For 2012, seven of the top 10 firms reported declines in revenue ranging from 5 percent to 30 percent. The three exceptions — Brownstein Hyatt, Podesta Group and Williams & Jensen — stayed flat or grew modestly.
Lobbying powerhouse Patton Boggs once again led the pack with $46 million in lobbying fees, though that represents a 5 percent decline from 2011. The firms that posted the most dramatic losses were Cassidy & Associates (down 23 percent from $20 million to $16 million) and Ogilvy Government Relations (down 30 percent from $20 million to $14 million). Ogilvy underwent a major executive shake-up in 2012 when then-chairman Wayne Berman left for the firm’s biggest client, Blackstone Group; chief executive Drew Maloney left for the Romney campaign; and two other senior lobbyists jumped to other firms.
Lobbyists attributed the downturn overall to a deadlocked Congress sidetracked by the debt ceiling and “fiscal cliff” debates, and the presidential election that put many regulatory proposals on hold. But that may change now that a new Congress is in session and the election is over.
“Congress literally just wasn’t here in the fourth quarter, and when they were, they were doing fiscal cliff-avoidance stuff, which isn’t the type of activity that generates a lot of lobbying,” said Rich Gold, who heads the public policy group at Holland & Knight, which saw lobbying fees slip 5 percent from $19 million to $18 million. “It wasn’t the days of 2009 where we were debating the health care bill and passing the Recovery Act, but it was a reasonable year. 2013 will be better.”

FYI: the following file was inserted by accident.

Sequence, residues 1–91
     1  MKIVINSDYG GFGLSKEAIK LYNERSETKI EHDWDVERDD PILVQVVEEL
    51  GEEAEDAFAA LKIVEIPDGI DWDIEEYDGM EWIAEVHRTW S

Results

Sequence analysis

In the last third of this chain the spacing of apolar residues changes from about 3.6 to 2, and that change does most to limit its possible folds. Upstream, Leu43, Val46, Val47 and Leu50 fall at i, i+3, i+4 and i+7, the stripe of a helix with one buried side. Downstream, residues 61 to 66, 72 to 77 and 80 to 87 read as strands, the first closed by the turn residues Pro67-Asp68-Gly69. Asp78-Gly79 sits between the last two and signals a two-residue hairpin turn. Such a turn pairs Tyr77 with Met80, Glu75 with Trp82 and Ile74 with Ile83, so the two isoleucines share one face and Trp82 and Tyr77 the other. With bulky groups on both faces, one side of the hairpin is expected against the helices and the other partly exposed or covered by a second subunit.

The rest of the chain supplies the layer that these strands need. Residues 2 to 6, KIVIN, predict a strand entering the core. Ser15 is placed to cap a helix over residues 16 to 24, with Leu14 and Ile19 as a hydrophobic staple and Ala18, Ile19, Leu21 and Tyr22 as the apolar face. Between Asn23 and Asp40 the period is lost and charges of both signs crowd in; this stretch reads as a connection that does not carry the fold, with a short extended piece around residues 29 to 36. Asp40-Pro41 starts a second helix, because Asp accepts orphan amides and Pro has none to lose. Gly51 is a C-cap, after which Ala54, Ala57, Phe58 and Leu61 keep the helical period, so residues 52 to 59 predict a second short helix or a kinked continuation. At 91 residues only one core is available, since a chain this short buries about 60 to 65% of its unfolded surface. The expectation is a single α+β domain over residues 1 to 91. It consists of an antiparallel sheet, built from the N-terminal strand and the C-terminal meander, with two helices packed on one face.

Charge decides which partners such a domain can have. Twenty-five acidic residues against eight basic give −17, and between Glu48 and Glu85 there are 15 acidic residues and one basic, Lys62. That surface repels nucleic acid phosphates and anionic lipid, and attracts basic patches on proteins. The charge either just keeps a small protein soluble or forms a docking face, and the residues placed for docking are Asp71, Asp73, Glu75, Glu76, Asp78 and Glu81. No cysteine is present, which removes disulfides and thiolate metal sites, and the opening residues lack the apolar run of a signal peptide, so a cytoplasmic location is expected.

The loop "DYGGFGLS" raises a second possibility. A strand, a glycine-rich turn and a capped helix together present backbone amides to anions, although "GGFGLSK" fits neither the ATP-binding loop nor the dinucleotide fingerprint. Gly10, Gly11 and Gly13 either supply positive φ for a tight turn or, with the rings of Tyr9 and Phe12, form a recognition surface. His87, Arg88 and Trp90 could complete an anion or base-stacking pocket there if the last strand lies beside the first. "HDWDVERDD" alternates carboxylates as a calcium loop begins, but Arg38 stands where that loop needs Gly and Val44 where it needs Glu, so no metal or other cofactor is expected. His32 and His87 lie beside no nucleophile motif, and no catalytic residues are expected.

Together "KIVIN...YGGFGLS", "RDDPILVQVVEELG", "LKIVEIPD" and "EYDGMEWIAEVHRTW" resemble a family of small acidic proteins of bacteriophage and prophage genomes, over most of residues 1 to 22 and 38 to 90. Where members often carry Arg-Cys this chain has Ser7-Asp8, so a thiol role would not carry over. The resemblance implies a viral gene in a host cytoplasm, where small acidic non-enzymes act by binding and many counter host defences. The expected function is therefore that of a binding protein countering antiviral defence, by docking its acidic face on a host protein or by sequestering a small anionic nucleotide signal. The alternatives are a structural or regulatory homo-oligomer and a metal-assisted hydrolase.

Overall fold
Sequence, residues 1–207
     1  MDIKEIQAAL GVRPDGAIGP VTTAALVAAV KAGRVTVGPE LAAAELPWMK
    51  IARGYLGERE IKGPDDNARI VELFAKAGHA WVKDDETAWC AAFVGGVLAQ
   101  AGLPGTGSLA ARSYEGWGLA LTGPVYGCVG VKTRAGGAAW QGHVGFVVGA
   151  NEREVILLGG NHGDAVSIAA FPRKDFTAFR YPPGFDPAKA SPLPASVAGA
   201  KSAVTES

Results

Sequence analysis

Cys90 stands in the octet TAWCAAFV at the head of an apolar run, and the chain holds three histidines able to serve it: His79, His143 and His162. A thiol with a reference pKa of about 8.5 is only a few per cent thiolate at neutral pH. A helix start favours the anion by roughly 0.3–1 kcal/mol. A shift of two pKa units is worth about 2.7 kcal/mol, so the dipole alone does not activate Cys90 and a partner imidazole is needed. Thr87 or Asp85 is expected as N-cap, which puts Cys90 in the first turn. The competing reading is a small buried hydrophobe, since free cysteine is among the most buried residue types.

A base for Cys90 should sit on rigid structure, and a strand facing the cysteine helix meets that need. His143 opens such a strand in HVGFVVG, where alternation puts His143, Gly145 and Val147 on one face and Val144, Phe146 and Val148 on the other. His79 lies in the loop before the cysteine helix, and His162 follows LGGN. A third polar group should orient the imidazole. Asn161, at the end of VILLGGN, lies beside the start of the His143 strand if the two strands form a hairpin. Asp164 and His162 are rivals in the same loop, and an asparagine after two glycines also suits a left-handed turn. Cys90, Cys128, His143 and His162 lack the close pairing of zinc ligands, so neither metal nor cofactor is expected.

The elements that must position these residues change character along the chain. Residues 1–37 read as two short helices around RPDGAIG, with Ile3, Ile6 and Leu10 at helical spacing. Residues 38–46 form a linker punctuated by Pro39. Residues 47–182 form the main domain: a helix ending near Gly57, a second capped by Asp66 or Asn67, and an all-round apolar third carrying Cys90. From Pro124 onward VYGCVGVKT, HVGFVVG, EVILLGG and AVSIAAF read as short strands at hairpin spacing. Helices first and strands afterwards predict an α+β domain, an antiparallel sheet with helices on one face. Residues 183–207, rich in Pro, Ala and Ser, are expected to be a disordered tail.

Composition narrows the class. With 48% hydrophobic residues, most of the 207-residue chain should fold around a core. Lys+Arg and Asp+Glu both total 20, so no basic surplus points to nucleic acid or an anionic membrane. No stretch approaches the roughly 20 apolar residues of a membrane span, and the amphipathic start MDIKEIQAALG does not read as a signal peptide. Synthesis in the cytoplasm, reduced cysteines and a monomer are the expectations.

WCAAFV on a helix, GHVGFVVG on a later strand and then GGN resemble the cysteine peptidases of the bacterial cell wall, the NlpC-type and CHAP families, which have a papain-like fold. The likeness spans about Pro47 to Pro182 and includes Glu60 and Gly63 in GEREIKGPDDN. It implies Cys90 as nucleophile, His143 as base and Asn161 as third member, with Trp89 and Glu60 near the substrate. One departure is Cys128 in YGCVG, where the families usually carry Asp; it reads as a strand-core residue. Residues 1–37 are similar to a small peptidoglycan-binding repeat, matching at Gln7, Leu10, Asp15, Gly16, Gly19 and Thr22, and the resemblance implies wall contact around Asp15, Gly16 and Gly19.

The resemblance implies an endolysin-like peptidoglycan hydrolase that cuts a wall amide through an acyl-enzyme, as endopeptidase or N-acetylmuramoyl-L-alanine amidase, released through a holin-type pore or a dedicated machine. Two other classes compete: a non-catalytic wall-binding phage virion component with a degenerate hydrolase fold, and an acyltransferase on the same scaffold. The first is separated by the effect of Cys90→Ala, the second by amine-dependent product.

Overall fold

Last year had “the least activity I’ve seen in Washington in a long time,” said Smitty Davis, co-chair of Akin Gump’s public policy group. “We expect more activity in 2013 now that the election is behind us. How much, and whether it goes back to 2011 levels or 2010 levels, I don’t know, but we do expect more activity.”
Lobbying revenue at Akin Gump slid nearly 18 percent from $38 million to $31 million. Davis attributed the dip in part to two major lobbying projects that ended in late 2011 that made that year especially profitable by comparison.
H. Stewart “Stu” Van Scoyoc, president of lobby firm Van Scoyoc Associates, said there are signs — such as the House voting to suspend the debt limit in order to reach a budget agreement — that Congress is returning to a more “normal”state.
“The last two years, because Congress was doing so little and we were facing a presidential election, a lot of people were waiting for the beginning of the new Congress and completion of the last presidential election” to hire lobbyists, Van Scoyoc said. “We’re seeing signs of recovery ... [the House vote] is a first step toward a more ‘back to normal’ process. They’re using the debt ceiling to force a budget process. That’s a more traditional process, the kind of legislative activity that clients and lobby firms in town are going to be more engaged in.”